I’m squatting, you’re spotting.

The goal: 12 reps

Reps 1-3: no prob

Reps 4-7: not bad either, but I’m starting to feel it

Rep 8: It gets hard and I start to struggle a bit

You jump in and do the last 4 reps for me.

I feel better, you feel helpful… but my reps have been robbed!

Just like muscles, skills are built. They’re built through reps and practice – especially the ones that challenge and stretch us.


Three important muscles (skills) that we all need to develop

  1. Problem solving

  2. Bouncing back from adversity

  3. Dealing with change

But it’s impossible to get good at them without practice:

I can’t get good at solving problems if you solve them for me.

I can’t get good at bouncing back from adversity if I’m never allowed to fall.

I can’t get good at dealing with change if I’m not allowed to experience it.

Coach me, support me, cheer for me – but please don’t rob my reps.

Lifting weights is essentially struggling on purpose.

We understand how muscles are built – so we pick a weight and exercise that induces resistance and tension, which leads to struggle, which leads to growth. Learning can be the same.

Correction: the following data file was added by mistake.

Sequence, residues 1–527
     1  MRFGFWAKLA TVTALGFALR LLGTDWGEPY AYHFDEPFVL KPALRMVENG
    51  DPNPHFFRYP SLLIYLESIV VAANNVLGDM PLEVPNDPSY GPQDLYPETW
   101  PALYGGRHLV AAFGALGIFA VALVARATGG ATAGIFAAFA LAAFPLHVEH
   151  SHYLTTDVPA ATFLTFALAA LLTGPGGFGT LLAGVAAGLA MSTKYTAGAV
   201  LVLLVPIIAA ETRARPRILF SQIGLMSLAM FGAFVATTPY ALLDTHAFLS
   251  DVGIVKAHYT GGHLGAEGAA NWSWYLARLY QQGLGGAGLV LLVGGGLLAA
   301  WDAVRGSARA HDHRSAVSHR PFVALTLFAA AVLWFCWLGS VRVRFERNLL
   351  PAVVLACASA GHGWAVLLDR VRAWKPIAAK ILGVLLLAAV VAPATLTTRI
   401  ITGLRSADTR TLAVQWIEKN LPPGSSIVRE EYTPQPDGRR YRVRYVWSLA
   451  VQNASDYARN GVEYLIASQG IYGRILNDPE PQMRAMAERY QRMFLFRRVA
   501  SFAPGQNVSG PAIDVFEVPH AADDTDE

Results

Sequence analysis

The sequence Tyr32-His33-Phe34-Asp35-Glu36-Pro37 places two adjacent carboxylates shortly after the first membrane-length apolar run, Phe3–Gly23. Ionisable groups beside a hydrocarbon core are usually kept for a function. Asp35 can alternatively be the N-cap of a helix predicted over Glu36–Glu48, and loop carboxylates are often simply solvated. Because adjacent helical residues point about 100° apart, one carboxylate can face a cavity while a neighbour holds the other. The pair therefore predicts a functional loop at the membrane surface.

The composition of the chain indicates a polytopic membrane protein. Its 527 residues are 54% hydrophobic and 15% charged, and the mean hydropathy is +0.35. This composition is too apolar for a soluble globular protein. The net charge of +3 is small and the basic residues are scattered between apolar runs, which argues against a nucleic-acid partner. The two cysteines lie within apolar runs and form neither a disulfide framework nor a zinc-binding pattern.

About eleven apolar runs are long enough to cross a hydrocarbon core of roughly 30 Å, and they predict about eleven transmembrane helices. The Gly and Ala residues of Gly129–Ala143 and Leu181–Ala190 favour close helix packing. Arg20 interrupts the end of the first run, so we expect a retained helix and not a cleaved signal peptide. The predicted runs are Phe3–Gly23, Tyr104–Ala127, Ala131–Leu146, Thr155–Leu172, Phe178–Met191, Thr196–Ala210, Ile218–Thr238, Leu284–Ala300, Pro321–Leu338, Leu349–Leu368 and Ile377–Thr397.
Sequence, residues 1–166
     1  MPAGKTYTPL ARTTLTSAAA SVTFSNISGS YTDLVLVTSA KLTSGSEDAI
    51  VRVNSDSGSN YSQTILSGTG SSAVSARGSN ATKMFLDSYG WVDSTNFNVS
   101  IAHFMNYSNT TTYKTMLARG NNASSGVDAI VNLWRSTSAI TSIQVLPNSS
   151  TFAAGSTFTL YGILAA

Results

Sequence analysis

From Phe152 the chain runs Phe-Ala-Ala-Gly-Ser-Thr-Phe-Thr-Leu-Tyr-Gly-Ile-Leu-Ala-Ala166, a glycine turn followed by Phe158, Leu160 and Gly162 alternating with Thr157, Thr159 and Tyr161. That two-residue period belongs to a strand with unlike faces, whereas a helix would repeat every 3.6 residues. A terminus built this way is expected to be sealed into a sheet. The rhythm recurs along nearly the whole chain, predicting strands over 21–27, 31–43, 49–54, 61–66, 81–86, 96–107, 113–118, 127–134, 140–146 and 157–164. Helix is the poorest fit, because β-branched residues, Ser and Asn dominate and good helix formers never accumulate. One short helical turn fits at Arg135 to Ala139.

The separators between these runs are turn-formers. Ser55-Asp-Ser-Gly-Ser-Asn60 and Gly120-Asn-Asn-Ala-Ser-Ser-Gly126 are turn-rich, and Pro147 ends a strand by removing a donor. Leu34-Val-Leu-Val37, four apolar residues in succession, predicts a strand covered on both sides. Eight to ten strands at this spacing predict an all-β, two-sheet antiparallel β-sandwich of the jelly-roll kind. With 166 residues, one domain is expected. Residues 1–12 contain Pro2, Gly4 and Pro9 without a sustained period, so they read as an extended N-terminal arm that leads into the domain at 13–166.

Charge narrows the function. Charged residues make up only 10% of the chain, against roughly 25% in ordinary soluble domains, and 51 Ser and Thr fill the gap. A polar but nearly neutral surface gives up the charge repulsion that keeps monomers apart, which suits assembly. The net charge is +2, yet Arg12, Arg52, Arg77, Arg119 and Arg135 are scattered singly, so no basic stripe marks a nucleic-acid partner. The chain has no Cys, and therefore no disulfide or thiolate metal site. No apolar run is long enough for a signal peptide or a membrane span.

When we teach people how their learning machine (brain) actually works – and that creativity, innovation, and growth ALL come from the obstacles, challenges, setbacks, and change that lead to desirable struggle…

We can start to seek out those situations – and struggle on purpose.

When we’re faced with a learning experience we have a choice to make:

Are we focused on progress or performance? Getting better or looking good?

Many times our default approach is to focus on performance and outcomes:

Just remember that real outcomes and real progress are a reflection of a great process. And if you want better outcomes it’s all about improving your process – we call this ‘Learning Like a Scientist‘

Week 3: “The Learning Cycle…” 

When students believe they can get smarter, they understand that effort makes them stronger. Therefore they put in extra time and effort, and that leads to higher achievement.